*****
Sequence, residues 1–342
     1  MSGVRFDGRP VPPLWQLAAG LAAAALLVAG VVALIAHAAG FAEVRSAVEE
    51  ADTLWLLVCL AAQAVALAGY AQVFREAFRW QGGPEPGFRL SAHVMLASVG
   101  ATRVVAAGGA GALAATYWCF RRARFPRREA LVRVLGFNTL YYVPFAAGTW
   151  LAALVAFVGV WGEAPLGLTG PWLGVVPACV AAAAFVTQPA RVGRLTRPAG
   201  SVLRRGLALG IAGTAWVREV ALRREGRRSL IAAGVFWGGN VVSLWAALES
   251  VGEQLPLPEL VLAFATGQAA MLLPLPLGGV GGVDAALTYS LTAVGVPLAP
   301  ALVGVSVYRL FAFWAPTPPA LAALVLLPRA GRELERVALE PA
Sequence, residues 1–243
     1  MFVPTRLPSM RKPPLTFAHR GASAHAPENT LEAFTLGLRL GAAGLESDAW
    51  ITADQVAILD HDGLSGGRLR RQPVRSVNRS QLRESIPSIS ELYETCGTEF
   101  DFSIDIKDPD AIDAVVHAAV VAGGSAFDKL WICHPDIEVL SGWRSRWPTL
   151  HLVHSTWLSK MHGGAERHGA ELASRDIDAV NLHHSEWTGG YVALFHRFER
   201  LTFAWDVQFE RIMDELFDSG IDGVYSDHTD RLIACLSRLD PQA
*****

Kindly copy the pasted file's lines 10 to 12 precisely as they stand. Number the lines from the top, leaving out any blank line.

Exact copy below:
     1  MFVPTRLPSM RKPPLTFAHR GASAHAPENT LEAFTLGLRL GAAGLESDAW
    51  ITADQVAILD HDGLSGGRLR RQPVRSVNRS QLRESIPSIS ELYETCGTEF
   101  DFSIDIKDPD AIDAVVHAAV VAGGSAFDKL WICHPDIEVL SGWRSRWPTL